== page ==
QuickCheck: Were there dinosaurs in Malaysia?

DINOSAURS. Ever since we first stumbled across their fossils, the remains of these extinct animals have captivated both our imagination and our desire to learn more about the Earth's past and the life it once held.

Generally, it is common to associate the discovery of dinosaur remains with more far-flung parts of the world like the Gobi Desert of China or the Badlands of the United States and not our very own soil.

So with that said, a question has been asked from time to time - did dinosaurs ever exist in what is now Malaysia?



Yes, Malaysia once had dinosaurs.This was established in a specimen unearthed in Pahang in the mid-2010s by a Universiti Malaya team led by its Geology Department's Associate Prof Dr Masatoshi Sone.

Sone - who led the expeditions that began in September 2012 - announced the discovery of a dinosaur tooth in February 2014, saying it is from a spinosauridae dinosaur.

He added that it is believed to be from the late Mesozoic era and most likely from the Cretaceous period.

The Mesozoic era is an interval of geological time that is also called the age of reptiles, and it spans a period from about 252 million to 66 million years ago.

The Cretaceous is defined as the period between 145 million and 75 million years ago, and it is the last period of the Mesozoic era, following the Jurassic and ending with the extinction of the dinosaurs.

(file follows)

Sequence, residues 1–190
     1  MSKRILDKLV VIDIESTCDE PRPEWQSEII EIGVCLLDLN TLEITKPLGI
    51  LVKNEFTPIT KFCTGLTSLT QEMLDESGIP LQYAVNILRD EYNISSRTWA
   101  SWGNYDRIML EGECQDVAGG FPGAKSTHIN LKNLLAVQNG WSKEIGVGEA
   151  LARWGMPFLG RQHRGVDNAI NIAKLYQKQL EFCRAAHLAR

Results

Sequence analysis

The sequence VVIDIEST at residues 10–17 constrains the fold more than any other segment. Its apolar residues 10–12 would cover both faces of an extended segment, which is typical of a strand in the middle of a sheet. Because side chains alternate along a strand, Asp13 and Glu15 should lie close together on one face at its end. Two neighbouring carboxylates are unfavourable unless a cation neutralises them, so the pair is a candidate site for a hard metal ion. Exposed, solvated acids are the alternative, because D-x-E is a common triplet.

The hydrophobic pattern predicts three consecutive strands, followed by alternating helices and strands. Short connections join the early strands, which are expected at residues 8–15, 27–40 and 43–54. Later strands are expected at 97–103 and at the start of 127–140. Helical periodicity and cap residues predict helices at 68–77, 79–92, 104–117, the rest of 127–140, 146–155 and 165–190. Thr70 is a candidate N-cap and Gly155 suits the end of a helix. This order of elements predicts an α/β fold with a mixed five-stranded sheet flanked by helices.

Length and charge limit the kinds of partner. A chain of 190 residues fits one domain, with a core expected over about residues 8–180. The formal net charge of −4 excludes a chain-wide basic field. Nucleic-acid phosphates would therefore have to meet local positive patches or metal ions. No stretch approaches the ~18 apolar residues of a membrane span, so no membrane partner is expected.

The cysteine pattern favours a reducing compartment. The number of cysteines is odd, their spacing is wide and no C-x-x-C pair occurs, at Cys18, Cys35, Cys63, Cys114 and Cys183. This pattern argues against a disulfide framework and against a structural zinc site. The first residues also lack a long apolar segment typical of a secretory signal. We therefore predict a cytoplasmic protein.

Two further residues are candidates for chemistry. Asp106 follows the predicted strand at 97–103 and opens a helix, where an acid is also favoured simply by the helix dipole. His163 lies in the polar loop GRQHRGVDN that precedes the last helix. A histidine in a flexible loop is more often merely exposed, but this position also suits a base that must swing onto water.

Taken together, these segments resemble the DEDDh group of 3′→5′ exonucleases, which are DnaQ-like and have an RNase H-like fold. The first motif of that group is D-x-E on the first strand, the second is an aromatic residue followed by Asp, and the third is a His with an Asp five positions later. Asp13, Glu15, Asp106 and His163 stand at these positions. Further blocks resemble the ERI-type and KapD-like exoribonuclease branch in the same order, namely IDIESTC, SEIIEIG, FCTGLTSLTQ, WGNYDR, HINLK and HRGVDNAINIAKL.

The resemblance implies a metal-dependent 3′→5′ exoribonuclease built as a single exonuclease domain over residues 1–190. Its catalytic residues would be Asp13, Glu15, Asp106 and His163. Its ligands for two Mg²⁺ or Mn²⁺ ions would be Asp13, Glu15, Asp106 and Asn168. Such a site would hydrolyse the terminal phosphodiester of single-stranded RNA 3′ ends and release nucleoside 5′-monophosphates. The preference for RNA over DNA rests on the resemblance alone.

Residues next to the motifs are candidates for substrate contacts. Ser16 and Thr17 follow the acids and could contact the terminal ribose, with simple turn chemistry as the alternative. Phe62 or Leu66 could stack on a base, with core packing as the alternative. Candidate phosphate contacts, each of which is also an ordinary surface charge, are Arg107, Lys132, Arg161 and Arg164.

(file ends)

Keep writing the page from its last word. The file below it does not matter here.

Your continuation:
Spinosauridae are a family of carnivorous dinosaurs characterised by long crocodile-like skulls and tiny conical teeth; translated from Latin, the term “spinosauridae” means "spined lizards".

Spinosauridae are theropods or “lizard-hipped”, which means that they walked in a similar manner to dinosaurs ranging from the crow-sized Microraptor to the huge Tyrannosaurus rex, which weighed six tonnes or more.

Aside from the discovery of the spinosauridae remains, the tooth of another dinosaur was found in Pahang in November 2014 by Sone and his team.

This time, what was found was a tooth from a herbivorous or plant-eating dinosaur of the Ornithischian order.

The other dinosaur tooth was about 13mm long and 10.5mm wide in preserved dimensions, and was discovered in a sedimentary rock formation in Pahang which dates back to the Cretaceous period.

It was found not far from where the first announced dinosaur fossil was discovered in February the same year.

The Ornithischian order - which includes the famous three-horned Triceratops - refers to dinosaurs that have hips similar to those found on birds, hence the name which means “bird-hipped” when translated from Latin.

On the finds, Sone said they imply "that there was an established ecosystem in Peninsular Malaysia during the Cretaceous period”.

So with that said, the lands that would one day be Malaysia were teeming with life in the distant past - life that clearly includes dinosaurs.









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